Social and economic stratification in Appalachia


Social and economic stratification in Appalachia

The Appalachian region of the Eastern United States is home to over 20 million people and covers parts of mostly mountainous areas of 13 states, including Mississippi, Alabama, Pennsylvania, New York, Georgia, South Carolina, North Carolina, Tennessee, Virginia, Kentucky, Ohio, Maryland, and the entire state of West Virginia Hurst, Charles. (1992). Inequality in Appalachia. Social Inequality: Forms, Causes, and Consequences, 6th Edition. Pearson Education. pp 62-68. ] . The near-isolation of the area's rugged topography is home to communities with a distinct culture, who in many cases are put at a disadvantage because of the transportation and infrastructure problems that have developed in the area Hurst, Charles. (1992). Inequality in Appalachia. Social Inequality: Forms, Causes, and Consequences, 6th Edition. Pearson Education. pp 62-68. ] .

Appalachia is often divided into 3 regions—southern (portions of Georgia, Alabama, North and South Carolina, Tennessee, and Virginia), central (portions of Kentucky, West Virginia, Ohio, Virginia, and Tennessee), and northern (parts of New York, Pennsylvania, Maryland, Ohio, and West Virginia) Appalachia Hurst, Charles. (1992). Inequality in Appalachia. Social Inequality: Forms, Causes, and Consequences, 6th Edition. Pearson Education. pp 62-68. ] . Though all areas of Appalachia share problems of rural poverty, inadequate jobs, services, transportation, education, and infrastructure, some elements (particularly those relating to industry and natural resource extraction) are unique to each sub-region. For example, Appalachians in the central sub-region experience the deepest poverty, partially due to the area’s isolation from urban growth centers Tickamyer, Ann; Cynthia, Duncan. (1990). Poverty and Opportunity Structure in Rural America. Annual Review of Sociology. 16:67-86. Retrieved Nov. 28 from Academic Search Premier.] .

Appalachia is particularly interesting in the context of social and economic divisions that exist within and between the region’s socioeconomic communities. In addition, outsiders’ often incorrect and over-generalized external perspectives, and their relationship to culture and folklore of this near-isolated area, are important to the region’s future development Hurst, Charles. (1992). Inequality in Appalachia. Social Inequality: Forms, Causes, and Consequences, 6th Edition. Pearson Education. pp 62-68. ] .

Poverty, politics, and uneven economic development

Though industry and business did exist in Appalachia prior to the 20th century, the major modern industries of agriculture, large-scale coal mining, timber, and other outside corporate entries into the region did not truly take root until this time. Many Appalachianites sold their rights to land and minerals to such corporations, to the extent that 99 percent of the residents control less than half of the land. Thus, though the area has a wealth of natural resources, natives are often poor Hurst, Charles. (1992). Inequality in Appalachia. Social Inequality: Forms, Causes, and Consequences, 6th Edition. Pearson Education. pp 62-68. ] . Since at least the 1960s, Appalachia has a higher poverty rate and a higher percentage of working poor than the rest of the nation. Wages, employment rates, and education also lag. The Appalachian Regional Commission (ARC) was created in 1965 to address some of the region’s problems, and though there have been improvements, serious issues still exist. Communities that are not considered to be "growth centers” are bypassed for investment, and fall further behind. In 1999, roughly a quarter of the counties in the region qualified as “distressed,” the ARC’s worst status ranking. Fifty-seven percent of adults in central Appalachia did not graduate high school (as opposed to 80.5 percent in the general U.S. Denham, Sharon; Mande, Man; Meyer, Michael; Toborg, Mary. (2004). Providing Health Education to Appalachia Populations. Holistic Nursing Practices 2{X)4:I8(6):293-3O1. Retrieved Nov 30 from Academic Search Premier.] ), roughly 20 percent of homes have no telephone, and the population is still declining THORNE, DEBORAH; TICKAMYER,ANN; THORNE, MARK. (2005). Poverty and Income in Appalachia. Journal of Appalachian Studies. Volume 10 Number 3. Retrieved Nov. 29 from Academic Search Premier.] .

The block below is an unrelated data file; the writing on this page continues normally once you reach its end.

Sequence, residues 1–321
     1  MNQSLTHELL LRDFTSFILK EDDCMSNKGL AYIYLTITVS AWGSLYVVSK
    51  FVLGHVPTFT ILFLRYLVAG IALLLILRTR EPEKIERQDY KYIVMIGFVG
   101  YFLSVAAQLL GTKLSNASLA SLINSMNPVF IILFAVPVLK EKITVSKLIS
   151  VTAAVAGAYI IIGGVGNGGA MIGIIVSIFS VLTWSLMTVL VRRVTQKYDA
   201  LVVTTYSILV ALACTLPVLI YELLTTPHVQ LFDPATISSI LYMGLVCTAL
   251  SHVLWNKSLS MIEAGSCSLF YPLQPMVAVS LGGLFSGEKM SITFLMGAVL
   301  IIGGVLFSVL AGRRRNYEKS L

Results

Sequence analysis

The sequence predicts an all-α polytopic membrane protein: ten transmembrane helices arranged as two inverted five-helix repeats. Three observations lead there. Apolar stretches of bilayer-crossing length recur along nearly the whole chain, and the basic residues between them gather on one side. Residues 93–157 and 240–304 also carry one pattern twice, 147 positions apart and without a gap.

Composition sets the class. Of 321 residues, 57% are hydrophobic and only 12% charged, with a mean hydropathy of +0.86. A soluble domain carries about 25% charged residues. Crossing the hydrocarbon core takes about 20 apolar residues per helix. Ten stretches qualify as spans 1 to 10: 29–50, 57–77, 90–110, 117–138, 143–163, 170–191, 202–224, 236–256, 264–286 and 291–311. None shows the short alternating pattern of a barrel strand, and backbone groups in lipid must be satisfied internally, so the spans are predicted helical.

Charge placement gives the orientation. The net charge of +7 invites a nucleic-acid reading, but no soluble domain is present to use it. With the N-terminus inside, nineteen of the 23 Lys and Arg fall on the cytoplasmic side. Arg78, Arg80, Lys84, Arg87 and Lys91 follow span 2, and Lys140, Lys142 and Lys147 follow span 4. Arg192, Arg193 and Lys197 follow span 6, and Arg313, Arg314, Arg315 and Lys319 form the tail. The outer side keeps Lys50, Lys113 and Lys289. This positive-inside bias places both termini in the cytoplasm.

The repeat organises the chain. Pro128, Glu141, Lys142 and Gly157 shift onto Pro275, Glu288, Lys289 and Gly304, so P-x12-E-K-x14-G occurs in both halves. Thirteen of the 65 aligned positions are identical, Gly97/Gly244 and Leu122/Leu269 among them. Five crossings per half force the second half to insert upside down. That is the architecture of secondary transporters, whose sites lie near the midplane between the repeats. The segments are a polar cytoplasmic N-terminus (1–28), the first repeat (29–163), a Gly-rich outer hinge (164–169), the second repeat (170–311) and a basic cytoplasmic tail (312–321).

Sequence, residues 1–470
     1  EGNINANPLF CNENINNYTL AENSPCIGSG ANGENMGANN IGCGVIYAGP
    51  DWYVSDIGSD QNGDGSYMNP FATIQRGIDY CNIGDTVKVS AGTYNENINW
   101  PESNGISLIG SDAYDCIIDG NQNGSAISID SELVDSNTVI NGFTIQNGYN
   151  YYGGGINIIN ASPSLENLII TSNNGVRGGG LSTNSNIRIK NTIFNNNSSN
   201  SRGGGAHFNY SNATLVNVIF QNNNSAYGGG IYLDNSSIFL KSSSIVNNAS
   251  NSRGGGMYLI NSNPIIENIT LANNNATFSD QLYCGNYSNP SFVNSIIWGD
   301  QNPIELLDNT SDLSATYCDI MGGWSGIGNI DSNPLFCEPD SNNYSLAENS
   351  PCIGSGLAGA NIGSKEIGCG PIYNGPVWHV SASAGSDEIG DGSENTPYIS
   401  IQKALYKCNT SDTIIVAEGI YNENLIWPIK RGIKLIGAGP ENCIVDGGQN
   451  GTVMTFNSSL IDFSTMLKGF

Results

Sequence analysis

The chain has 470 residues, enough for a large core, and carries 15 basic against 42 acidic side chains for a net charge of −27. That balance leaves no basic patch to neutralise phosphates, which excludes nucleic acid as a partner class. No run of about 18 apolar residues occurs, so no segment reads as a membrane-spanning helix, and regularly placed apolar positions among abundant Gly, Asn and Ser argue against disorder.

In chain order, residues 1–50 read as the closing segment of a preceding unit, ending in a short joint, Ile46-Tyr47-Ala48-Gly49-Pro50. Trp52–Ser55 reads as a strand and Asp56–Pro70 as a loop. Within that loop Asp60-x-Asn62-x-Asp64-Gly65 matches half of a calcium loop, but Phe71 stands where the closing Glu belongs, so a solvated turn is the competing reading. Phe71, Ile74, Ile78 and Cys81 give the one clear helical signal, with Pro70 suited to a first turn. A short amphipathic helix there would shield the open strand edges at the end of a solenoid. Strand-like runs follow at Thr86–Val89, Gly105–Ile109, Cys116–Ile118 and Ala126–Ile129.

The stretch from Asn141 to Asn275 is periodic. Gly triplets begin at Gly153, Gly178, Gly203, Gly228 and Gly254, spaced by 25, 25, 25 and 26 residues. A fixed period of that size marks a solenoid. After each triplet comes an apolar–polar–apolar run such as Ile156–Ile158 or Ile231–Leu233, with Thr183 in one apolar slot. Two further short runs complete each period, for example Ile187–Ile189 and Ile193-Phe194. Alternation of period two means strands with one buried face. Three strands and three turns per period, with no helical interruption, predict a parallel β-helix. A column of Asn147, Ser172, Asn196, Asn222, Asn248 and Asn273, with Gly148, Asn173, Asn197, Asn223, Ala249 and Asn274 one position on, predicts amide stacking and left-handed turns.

Infrastructure as an agent of poverty

One of the factors at the root of Appalachian economic struggles is the poor infrastructure. Though the region is crisscrossed by many U.S. and Interstate highways, those routes primarily serve cross-country traffic rather than the locals themselves. Towns closer to the major highways and nearer to the many larger cities fringing the region (Pittsburgh, Wheeling, Columbus, Cincinnati, Atlanta, Washington, D.C., etc.) are disproportionately better-off than rural regions in the mountainous interior. Instead of being tied to the land, jobs in the towns tend to emphasize industry and services—important signs of a more diversified economy. However, aside from the major urban centers along its perimeter, the entire Appalachian region still suffers from population decline and the loss of younger residents to the cities.